In 1932 the Chicago Cubs rose to the top of the NL and continued a quirky pattern, dating back to 1929, of winning a pennant every three years. In August the embattled Cubs replaced manager Rogers Hornsby with first baseman Charlie Grimm, a timely move that rallied the Cubs. Player-manager Grimm, in company with infielder Billy Herman and outfielders Riggs Stephenson and Johnny Moore, led the .278 team batting attack, while pitcher Lon Warneke (22-6) fronted the team’s league-leading pitching staff. The Cubs went on to defeat the Pirates by four games, but were swept by the Yankees in the World Series.
As the Cubs swooned in 1933, another player-manager, first baseman Bill Terry, led the Giants to their first NL pennant since 1924. They did it by scoring a five-game victory over the Pirates. Terry batted .322, and outfielder Mel Ott’s 23 homers keyed the Giants’ league-leading homer assault. The pitching staff, fronted by lefty Carl Hubbell’s 23 victories, was the league’s best. And in World Series action the Giants beat the Senators in five games.
The following year the Giants again boasted league-leading pitching, but the hard-hitting Cardinals overtook the New Yorkers in the final week to win by 2 games. Dubbed the “Gas House Gang,” these Cardinals symbolized the Depression austerities that affected the nation in this worst year of the economic hard times. The Cardinals drew only 325,000 home fans, but player-manager Frank Frisch, in company with Rip Collins, Ernie Orsatti, Joe Medwick, and Spud Davis, topped the .300 mark in batting to pace the team’s league-leading .288 batting effort. But the brightest star was pitcher Dizzy Dean, who won 30 games to become the last major league hurler to crack the 30-game barrier for over thirty years; moreover, Dean’s brother Paul won 19. In World Series play, the Cardinals rebounded from a 3-2 deficit in games to beat the Tigers.
The folksy Arkansas country boy Dizzy Dean won 28 games in 1935, but the Cubs trumped the Cardinal ace with their league-leading pitching staff. At the close of the campaign, the Cubs led the Cardinals by four games. Heading the Cub hurlers were Lon Warneke and Bill Lee, each a 20-game winner. Five Cub regulars topped the .300 mark, including infielders Stan Hack and Billy Herman, outfielders Frank Demaree and Augie Galan, and catcher Gabby Hartnett, to pace the team’s .288 batting offensive. And outfielder Chuck Klein, a timely acquisition from the moribund Phillies, powered 21 homers. But the Cubs were no match for the Tigers in World Series play; the Tigers defeated the Chicagoans in six games. Over the next two seasons, Cub hitters topped all NL teams in batting, but each time the team finished second behind the Giants.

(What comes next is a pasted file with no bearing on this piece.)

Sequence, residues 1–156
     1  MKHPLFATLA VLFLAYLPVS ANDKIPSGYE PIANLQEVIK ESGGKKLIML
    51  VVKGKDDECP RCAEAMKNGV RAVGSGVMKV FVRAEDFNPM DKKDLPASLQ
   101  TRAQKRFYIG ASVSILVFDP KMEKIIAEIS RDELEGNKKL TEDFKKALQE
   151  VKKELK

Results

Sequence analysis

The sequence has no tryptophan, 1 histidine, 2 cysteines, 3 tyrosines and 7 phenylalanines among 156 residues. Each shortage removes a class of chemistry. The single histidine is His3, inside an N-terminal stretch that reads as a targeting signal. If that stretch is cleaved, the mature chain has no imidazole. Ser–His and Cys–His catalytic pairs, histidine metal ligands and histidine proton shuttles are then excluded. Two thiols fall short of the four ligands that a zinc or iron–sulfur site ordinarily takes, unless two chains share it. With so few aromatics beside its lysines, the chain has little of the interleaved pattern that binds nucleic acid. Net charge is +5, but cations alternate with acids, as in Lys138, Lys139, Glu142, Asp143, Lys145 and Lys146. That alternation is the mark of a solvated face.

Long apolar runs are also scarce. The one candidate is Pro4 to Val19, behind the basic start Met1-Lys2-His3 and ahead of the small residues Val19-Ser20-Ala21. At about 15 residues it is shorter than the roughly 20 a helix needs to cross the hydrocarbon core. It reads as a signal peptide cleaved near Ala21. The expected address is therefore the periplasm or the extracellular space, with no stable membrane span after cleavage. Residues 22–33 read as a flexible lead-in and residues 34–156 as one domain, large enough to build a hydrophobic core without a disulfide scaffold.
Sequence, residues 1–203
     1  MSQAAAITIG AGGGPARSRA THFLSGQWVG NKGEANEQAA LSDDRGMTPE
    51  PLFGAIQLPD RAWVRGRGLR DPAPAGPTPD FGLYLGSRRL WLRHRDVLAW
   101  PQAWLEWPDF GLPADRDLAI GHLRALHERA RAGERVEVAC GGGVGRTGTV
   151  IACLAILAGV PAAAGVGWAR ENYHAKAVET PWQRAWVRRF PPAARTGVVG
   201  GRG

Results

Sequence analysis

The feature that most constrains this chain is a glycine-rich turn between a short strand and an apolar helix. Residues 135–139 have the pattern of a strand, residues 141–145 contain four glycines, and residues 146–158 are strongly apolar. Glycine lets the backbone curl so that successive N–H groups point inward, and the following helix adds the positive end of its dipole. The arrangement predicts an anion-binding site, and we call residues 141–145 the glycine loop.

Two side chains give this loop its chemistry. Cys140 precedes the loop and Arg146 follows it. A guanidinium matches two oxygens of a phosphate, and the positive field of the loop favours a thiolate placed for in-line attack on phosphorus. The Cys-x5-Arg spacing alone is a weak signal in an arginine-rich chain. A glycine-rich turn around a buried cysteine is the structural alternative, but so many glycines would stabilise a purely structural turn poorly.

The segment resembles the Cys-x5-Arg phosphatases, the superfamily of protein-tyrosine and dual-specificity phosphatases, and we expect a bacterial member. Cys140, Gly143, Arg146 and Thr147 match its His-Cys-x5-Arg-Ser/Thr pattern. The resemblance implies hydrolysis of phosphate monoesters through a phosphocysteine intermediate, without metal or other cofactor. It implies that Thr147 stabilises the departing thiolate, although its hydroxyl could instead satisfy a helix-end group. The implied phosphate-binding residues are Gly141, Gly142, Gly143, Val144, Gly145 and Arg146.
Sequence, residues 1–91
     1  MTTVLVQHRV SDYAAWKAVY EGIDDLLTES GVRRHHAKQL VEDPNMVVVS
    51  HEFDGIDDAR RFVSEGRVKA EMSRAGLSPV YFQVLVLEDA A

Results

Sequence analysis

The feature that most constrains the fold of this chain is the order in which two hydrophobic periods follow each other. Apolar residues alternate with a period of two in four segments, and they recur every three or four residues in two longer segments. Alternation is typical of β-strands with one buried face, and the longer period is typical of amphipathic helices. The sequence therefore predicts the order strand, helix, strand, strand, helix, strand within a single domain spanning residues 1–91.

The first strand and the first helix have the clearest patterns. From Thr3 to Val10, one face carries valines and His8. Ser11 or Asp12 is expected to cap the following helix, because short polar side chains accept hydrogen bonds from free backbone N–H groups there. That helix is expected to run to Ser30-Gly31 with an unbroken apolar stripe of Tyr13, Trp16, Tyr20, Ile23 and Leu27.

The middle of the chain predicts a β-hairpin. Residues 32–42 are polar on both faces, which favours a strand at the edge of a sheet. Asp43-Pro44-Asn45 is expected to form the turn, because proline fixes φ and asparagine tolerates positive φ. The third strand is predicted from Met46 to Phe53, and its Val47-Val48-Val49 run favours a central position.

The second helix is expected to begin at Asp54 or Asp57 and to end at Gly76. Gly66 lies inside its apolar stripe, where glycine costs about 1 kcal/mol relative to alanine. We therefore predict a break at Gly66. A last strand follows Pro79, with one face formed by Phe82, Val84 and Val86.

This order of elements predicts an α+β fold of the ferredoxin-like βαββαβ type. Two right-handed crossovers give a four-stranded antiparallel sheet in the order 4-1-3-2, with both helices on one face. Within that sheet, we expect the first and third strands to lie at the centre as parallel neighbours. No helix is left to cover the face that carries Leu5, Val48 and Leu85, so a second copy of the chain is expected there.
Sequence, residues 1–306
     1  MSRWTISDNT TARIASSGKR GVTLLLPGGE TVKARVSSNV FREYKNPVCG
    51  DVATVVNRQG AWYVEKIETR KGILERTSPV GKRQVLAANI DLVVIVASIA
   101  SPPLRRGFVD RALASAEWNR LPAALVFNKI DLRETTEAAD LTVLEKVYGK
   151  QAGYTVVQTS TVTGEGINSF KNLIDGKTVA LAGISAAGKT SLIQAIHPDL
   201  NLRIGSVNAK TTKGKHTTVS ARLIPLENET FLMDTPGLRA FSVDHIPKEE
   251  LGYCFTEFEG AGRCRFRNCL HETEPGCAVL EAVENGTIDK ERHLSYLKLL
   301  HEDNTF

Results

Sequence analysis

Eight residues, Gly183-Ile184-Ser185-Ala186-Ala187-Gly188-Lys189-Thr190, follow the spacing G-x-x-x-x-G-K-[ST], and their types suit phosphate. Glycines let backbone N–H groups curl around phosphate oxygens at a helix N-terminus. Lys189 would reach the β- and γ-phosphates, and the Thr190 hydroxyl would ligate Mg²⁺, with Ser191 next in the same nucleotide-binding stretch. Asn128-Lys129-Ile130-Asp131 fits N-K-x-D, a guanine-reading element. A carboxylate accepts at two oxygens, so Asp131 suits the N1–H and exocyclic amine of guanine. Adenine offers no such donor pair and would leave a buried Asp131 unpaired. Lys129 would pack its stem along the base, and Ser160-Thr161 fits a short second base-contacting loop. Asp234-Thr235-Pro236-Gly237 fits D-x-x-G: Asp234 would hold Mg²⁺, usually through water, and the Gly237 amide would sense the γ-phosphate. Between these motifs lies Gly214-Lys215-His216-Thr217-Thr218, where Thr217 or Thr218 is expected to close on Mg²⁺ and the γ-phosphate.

Dominant pitching, paced by Carl Hubbell’s 26 wins and Ott’s league-leading 33 homers, led the 1936 Giants to a five-game win over the Cubs and Cardinals. In the second half of the campaign, many eyes were on lefty Hubbell, as the Giant hurler finished the season with 16 consecutive victories to threaten the record seasonal streak of 19 owned by Rube Marquard of the old Giants. Hubbell won the opener of the 1936 World Series, but the Yankees beat the lefty in the fourth game and went on to down the Giants in six games.
But postseasonal play was discounted, and Hubbell went on to add another eight victories in 1937. When the ace finally lost one on Memorial Day, his record (over two seasons) of 24 consecutive victories stood as the best by a major league pitcher. But more important to the Giants’ cause in 1937, Hubbell went on to win 22 games and rookie Cliff Melton won 20 as the Giants hung on to beat the runner-up Cubs by 3 games. It was the second straight conquest for the Giants, but in World Series action they again fell to the Yankees, this time losing in five games.
For a last time in 1938, the Cubs used their magical three-year formula to land the NL pennant. In an epic campaign that saw Cincinnati Reds’ pitcher Johnny Vander Meer pitch two consecutive no-hit games, and the front-running Pirates blow a big lead, the Cubs mounted a remarkable September surge to overhaul and topple the Pirates by 2 games. In a decisive game played in late September’s gathering darkness at Wrigley Field, player-manager Gabby Hartnett hit his legendary “homer in the gloaming” as part of a three-game Cub sweep of the Pirates. Although the Cubs batted only .269 that year, the team’s pitching staff was the best in the league. Nevertheless, the well-armed Cubs were swept by the Yankees in the 1938 World Series.